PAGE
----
Ink-Slinger Profiles by Alex Jay: Ray Rohn

Raymond Walter “Ray” Rohn was born on July 10, 1888, in Defiance, Ohio, according to his World War I draft card and Who’s Who in American Art, Volume 1 (1935). However, Rohn’s death certificate, at, had the birth year 1887. A family tree at had Rohn’s full name and said his parents were Samuel Winfield Rohn and Louisa Frances Crandall.

The 1900 U.S. Federal Census recorded Rohn, his parents and older brother Glen in Defiance at 419 3rd Street. Rohn’s father was a salesman.

Information regarding Rohn’s art training has not been found. Early signs of Rohn’s artistic eye were found in two publications. Success, October 1903, named the winners of its July contest: “Special Photograph. …Raymond Rohn, age, fourteen years, 857 Bellefontaine Avenue, Lima, Ohio”. Rohn was named in St. Nichols, April 1905, for his drawing.

A 1906 Lima, Ohio city directory listed Rohn as a clerk residing at 804 West Wayne. The following year a Cleveland city directory said Rohn was an artist who lived at 1073 East 116th SE. Who’s Who in American Art said Rohn “entered the newspaper field in Cleveland and Cincinnati”.

Rohn was in Cincinnati for a time. American Art News, April 17, 1909, mentioned Rohn as a member of the Cincinnati Art Club.

In the 1910 census, Rohn was a Cleveland resident. The self-employed artist resided at 1954 East 116th Street. One of tenants was Dudley Taplin, a newspaper artist.

The 1911 book, Club Men of Columbus in Caricature, featured the work of Billy Ireland, H.J. Westerman and Rohn.

At some point Rohn moved to New York City.

American Newspaper Comics (2012) said Rohn drew Mrs. R.E. Duce and Her Auntie Stout Antics, from December 7, 1911 to February 11, 1912, for the New York Evening Telegram.

Cartoons Magazine, August 1915, featured the work of Helena Smith Dayton who made portraits of the “Lochinvar Cartoonist Quartette” of Herb Roth, H.T. Webster, R.M. Brinkerhoff and Rohn who was shown in his Gramercy Park studio.

Rohn was a regular contributor to The Green Book Magazine which also published a photograph of Rohn in his studio.

In 1916 and 1917 bachelor Rohn attended the weddings of his friends Webster and Brinkerhoff.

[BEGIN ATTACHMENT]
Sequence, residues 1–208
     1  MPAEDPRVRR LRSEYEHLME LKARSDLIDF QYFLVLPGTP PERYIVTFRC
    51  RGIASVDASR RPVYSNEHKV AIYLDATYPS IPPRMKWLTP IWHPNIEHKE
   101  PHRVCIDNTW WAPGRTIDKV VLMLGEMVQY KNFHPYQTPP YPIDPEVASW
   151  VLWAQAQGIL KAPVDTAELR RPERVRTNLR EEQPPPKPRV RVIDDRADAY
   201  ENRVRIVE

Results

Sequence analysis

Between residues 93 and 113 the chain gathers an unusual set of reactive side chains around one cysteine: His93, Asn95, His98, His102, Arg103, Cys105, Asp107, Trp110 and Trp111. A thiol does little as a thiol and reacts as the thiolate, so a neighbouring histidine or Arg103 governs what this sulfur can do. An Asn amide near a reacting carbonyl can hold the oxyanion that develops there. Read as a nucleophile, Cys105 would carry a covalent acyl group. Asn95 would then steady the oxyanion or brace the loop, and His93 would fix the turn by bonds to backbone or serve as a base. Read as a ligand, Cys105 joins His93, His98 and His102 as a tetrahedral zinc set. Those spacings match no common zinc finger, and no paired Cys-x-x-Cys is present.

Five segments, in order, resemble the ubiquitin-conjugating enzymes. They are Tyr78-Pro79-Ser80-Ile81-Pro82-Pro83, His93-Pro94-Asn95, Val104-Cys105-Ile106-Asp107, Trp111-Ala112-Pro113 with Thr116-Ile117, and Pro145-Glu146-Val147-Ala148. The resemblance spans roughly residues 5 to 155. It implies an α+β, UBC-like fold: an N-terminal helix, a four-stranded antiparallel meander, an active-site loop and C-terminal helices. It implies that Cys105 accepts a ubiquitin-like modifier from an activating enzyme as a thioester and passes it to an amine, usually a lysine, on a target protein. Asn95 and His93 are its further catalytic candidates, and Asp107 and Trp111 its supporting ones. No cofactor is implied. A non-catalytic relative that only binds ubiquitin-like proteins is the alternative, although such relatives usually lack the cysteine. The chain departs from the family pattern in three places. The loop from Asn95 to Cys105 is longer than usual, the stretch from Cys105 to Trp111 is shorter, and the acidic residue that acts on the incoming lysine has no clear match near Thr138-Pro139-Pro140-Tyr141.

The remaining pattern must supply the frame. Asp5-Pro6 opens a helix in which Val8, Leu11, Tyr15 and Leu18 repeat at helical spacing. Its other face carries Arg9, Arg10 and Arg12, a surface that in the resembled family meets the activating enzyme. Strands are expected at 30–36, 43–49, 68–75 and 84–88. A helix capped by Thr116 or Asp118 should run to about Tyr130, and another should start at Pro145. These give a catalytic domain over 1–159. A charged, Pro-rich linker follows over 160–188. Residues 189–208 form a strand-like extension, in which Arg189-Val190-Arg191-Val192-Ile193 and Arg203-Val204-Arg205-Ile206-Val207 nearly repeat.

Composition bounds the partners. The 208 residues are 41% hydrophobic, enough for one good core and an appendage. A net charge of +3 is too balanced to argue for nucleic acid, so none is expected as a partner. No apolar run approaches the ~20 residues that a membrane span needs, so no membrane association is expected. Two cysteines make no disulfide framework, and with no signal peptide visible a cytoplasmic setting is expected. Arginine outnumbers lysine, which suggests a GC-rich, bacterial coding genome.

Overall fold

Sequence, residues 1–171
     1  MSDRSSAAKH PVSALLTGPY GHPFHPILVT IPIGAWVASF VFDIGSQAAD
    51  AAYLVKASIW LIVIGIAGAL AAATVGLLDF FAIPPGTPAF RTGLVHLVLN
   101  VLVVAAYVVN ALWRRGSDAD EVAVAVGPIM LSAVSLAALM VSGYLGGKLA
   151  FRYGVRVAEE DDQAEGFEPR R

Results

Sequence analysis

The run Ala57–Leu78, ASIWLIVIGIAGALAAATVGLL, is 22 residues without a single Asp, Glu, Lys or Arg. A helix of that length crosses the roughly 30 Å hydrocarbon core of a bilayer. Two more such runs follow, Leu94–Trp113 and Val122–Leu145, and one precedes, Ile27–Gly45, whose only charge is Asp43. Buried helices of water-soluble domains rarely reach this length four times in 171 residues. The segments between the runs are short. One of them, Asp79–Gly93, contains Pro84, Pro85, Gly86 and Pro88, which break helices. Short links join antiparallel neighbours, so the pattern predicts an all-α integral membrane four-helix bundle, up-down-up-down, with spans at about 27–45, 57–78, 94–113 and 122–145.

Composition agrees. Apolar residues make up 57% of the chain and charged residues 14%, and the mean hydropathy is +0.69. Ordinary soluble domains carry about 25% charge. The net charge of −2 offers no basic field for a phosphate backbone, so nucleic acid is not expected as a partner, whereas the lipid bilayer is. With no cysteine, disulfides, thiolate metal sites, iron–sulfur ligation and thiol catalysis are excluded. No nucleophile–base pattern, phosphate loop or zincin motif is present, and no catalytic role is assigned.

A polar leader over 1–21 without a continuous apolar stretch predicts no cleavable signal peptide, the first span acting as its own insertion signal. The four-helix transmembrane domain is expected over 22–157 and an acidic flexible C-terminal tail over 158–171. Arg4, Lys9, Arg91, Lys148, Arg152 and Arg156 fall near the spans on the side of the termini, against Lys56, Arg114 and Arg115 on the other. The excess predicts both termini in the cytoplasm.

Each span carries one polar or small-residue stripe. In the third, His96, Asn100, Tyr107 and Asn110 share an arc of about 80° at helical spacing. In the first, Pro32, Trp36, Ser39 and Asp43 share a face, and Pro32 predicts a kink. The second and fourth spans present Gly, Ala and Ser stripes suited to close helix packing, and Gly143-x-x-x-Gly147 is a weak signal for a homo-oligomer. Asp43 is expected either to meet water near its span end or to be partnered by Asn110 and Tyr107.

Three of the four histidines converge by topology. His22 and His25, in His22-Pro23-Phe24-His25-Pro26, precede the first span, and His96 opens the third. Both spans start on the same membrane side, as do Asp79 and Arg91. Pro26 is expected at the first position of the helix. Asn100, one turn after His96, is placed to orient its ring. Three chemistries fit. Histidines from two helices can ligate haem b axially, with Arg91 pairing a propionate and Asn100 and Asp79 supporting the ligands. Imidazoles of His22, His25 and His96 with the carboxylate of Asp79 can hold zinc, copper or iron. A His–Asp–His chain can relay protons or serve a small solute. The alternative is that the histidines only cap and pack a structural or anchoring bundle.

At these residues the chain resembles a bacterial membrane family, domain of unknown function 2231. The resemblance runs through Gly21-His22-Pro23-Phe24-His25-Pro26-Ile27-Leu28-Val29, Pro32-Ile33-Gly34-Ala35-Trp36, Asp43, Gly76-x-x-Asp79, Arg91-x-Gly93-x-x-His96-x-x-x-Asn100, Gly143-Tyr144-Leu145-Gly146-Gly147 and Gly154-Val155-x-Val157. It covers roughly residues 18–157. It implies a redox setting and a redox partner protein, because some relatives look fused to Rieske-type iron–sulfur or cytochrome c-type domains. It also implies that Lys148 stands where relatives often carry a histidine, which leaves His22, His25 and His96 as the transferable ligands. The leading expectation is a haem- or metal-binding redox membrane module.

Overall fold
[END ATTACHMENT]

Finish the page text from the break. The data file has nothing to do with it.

Rohn signed his World War I draft card on June 5, 1917. His address was 12 Gramercy Park in Manhattan, New York City. Rohn’s description was tall, medium build with light brown eyes and black hair. Rohn’s New York military service card said his service began June 13, 1918 and ended December 15, 1918.

American Art News, April 24, 1920, reported that a number artists, including Philadelphia-based Rohn, rented studios at the Hotel Majestic.

American Newspaper Comics said Rohn drew Bedelia’s Beaus for the Ledger Syndicate in 1920. Who’s Who in American Art said Rohn “was with the Art Department of the Philadelphia Public Ledger for about eight years.”

Rohn’s art appeared in many magazines including Judge, The Saturday Evening Post, The Country Gentleman. and The New Yorker.

At, the Philadelphia, Pennsylvania marriage index said Rohn married Birdsey M Minor in 1921.

American Art Annual, Volume 18 (1921), had an address for Rohn at 514 Walnut St., Philadelphia. The Eastern Edition of Advertising Arts and Crafts (1927) listed Rohn at “518 Walnut, Lom 4477 Philadelphia, Pa. Fiction Story Ill., Cartoons, Decoration, Black and White, Crayon, Dry Brush, Line Drawings, Pencil, Pen and Ink, Wash, Water Color.” The American Art Annual, Volume 24 (1927) had 218 Walnut as the address. The Lithographs of Robert Riggs (1986) said “Riggs was sharing a studio on Washington Square in Philadelphia with Ray Rohn, another illustrator whose works were published by The Saturday Evening Post and Collier’s.”

Rohn’s illustrations appeared in The Lady from Long Acre (1919), Slimtonian Socker (1922) and Wilbur Whaffle, Sloganeer, an Autobiography (1931).

In the 1930 census, self-employed commercial artist Rohn made his home in Philadelphia at 7155 Anderson Street. The household included his wife, two daughters and mother-in-law.

Rohn passed away July 8, 1935, at his home in in Mount Airy, Pennsylvania. He was laid to rest at Arlington Cemetery in Drexel Hill, Pennsylvania. 

—Alex Jay

One comment on “Ink-Slinger Profiles by Alex Jay: Ray Rohn

  1. Alex, Thank you so much for all this information on Ray Rohn. He was my Great Uncle, and I've only just recently started learning about him. My mother passed last spring, and I inherited decades of family photos and information. None of it had ever been shared with us, before. Among the items were drawings by, and photos of, Raymond, and he immediately peaked my interest. Your information was so incredibly helpful. I've attached it to my Ancestry account. How sad he didn't live a long life. What a marvelous talent he was.

    Thanks, again~

    L. Spangler

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